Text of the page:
«

»

Print this Post

Export a Running Virtual Machine Using PowerShell

Exporting a Hyper-V VM (virtual machine) creates a full copy of that VM. This can be used as an easy way to create an ad-hoc backup or an archive. An export can also contain all of the existing checkpoints that exist, so it is a really helpful tool during deployments, migrations, and upgrades.

In my previous post, Importing & Exporting Hyper-V VMs in Windows Server 2012 R2, I explain how to import and export a Hyper-V VM using the Hyper-V Manager GUI interface. Today I will show you how to export a VM (whether it is running or stopped) using PowerShell. In my example, I will be exporting a VM from a Hyper-V host running Windows Server 2012 R2. In this process we’ll be creating a variable and using it to hold the value of the export path. I know this is doing things the hard way, but I’m doing this for all of you who may want to script and reuse this method in the future.

 

Export a Specific VM from PowerShell

  1. From your Hyper-V host, run PowerShell as an administrator.
  2. Type the command: GET-VM
    This will display all the VMs running on the current host.
  3. Type: $ExportPath = “D:\Exports”
    Replace D:\Exports with the path you wish to use to store your exports. Make sure you have adequate disk space as exports can be quite large.
  4. Type: Export-VM -Name “Lab Test 3” -Path $ExportPath
    Hyper-V will now start exporting your VM. Check Hyper-V Manager to see the progress of your export.

While the export is processing, the PowerShell prompt will not continue to the next line. You’ll just see the blinking cursor at the end of the line you just typed. It is not hung… it will continue once the export is completed.

 

 

Export All Running VMs from PowerShell

  1. From your Hyper-V host, run PowerShell as an administrator.
  2. Type the command: GET-VM | where {$_.state -eq ‘running’} | Export-VM -Path $ExportPath
    Hyper-V will now start exporting your VM. Check Hyper-V Manager to see the progress of your export.

While the export is processing, the PowerShell prompt will not continue to the next line. You’ll just see the blinking cursor at the end of the line you just typed. It is not hung… it will continue once the export is completed.

Related Posts:

 

 

About the author

Robert Borges

About Robert...

I have been in the IT industry since 1993 focusing mainly in networking. Though I got an early start as an amateur computer enthusiast, and wrote my first database app at age 12, I started my professional career working in the MIS department of one of the largest liquor distributors in the northeast. I started out there as a systems operator on the company’s two mainframe systems. From there I moved into PC support, and help design and implement the company’s first client-server network… This was back in the days of Win NT 3.51. I also worked on my first migration to NT 4.0 back then.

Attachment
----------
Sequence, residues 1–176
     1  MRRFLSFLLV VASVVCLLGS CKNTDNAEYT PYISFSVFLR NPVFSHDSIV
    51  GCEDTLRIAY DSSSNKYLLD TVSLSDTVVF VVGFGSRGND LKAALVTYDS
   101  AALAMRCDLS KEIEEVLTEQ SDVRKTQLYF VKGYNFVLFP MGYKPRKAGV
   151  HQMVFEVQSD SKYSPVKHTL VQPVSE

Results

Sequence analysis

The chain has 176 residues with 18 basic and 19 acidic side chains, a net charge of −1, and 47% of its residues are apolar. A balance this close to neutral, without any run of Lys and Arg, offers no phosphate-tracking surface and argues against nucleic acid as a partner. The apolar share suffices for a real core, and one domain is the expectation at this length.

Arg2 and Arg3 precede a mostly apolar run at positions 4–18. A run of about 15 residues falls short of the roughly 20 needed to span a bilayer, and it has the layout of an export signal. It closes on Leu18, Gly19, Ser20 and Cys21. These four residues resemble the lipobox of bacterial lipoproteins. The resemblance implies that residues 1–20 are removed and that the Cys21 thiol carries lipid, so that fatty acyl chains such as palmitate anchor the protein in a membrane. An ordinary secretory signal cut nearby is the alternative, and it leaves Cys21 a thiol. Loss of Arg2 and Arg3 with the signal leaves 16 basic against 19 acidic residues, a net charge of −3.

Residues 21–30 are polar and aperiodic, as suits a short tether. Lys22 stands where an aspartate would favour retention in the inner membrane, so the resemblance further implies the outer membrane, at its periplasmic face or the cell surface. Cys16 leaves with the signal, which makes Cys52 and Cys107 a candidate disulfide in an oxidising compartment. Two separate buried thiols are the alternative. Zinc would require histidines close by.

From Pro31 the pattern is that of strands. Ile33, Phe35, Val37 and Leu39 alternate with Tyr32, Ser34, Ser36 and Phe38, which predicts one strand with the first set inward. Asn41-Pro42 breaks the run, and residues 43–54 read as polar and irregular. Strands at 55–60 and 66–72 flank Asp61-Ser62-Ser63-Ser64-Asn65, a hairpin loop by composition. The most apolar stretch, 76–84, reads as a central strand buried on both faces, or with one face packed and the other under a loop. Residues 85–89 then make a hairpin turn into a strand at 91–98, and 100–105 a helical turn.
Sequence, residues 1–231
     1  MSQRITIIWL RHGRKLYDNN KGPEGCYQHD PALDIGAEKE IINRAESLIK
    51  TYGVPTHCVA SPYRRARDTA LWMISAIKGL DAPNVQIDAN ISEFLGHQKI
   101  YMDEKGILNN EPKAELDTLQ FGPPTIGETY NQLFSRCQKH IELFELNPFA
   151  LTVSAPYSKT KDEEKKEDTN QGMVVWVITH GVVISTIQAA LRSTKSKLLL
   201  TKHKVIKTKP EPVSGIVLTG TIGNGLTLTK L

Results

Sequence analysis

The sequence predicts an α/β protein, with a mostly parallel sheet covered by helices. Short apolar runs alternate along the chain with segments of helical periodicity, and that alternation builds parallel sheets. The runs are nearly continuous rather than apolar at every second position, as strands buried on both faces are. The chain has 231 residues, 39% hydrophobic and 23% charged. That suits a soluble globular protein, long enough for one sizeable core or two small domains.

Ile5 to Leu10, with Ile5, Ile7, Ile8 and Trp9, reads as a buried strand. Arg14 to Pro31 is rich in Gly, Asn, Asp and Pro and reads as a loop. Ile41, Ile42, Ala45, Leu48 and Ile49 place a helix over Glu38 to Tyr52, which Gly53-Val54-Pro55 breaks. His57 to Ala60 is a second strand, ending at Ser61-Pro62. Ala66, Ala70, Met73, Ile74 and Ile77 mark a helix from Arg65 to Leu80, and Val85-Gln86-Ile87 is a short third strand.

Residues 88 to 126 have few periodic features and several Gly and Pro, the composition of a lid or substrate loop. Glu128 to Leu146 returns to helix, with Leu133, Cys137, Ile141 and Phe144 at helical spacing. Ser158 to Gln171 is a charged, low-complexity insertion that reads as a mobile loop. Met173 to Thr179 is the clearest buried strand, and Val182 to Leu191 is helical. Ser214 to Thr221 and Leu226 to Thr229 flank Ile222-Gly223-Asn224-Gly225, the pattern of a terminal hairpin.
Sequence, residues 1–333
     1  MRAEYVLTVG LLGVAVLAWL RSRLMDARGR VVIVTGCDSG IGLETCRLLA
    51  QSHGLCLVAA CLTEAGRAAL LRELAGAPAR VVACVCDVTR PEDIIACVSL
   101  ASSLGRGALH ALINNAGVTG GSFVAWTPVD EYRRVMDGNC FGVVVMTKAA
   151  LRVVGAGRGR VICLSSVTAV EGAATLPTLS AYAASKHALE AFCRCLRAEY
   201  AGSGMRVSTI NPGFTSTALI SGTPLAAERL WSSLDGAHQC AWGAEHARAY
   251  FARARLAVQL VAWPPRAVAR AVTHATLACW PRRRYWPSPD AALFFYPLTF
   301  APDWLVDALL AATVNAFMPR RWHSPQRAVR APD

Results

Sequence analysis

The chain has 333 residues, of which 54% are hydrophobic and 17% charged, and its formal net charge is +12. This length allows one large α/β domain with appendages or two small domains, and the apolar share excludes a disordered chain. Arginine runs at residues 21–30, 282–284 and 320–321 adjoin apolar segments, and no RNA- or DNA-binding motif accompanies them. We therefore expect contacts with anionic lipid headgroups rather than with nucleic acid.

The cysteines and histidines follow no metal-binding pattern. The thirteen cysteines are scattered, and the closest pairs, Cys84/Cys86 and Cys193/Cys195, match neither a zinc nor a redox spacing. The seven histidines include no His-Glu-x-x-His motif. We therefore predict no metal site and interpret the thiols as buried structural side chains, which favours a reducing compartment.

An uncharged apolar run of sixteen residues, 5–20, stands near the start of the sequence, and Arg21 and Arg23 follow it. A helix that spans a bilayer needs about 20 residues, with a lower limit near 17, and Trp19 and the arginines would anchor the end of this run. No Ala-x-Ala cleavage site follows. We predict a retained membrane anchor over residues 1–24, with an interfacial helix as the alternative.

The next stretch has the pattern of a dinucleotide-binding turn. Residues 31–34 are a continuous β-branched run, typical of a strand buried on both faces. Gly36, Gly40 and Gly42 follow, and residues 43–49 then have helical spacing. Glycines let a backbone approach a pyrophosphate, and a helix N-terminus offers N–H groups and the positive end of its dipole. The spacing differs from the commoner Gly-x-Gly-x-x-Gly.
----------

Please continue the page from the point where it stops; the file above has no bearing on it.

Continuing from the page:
From there I went on to work with Novell 3.x and 4.x along with Windows domains and active directory environments. Working my way up from technician, to specialist, to administrator, and eventually all the way up to Sr. Engineer. I spent many years working for consulting firms, 9 of which I owned and operated my own firm.
Over the years, I have worked with (at an expert level) various versions of: Windows client and server operating systems (including Windows 7 and Windows Server 2008 R2);various virtualization technologies (Hyper-V, Virtual Server, Virtual PC, VMware, etc…); MS-SQL server 6.5- 2008 R2; Exchange 4-2010, and much more.

I am now Director of Information Systems at Bay State Integrated Technology focusing on cloud computing and IT service, with expertise in: IT Infrastructure & Architecture, IT Security, and Cloud Computing platforms & technologies (SaaS, PaaS, and IaaS).

I am in a constant state of learning about new products, and new versions of products. Many of which we end up implementing in lab environments and sometimes for our clients. I have a pretty broad range of expertise and experience. It is my goal to share some of this experience on this blog to help enrich the IT community.

Permanent link to this article: http://www.robertborges.us/2014/07/virtualization/export-a-running-virtual-machine-using-powershell/

Leave a Reply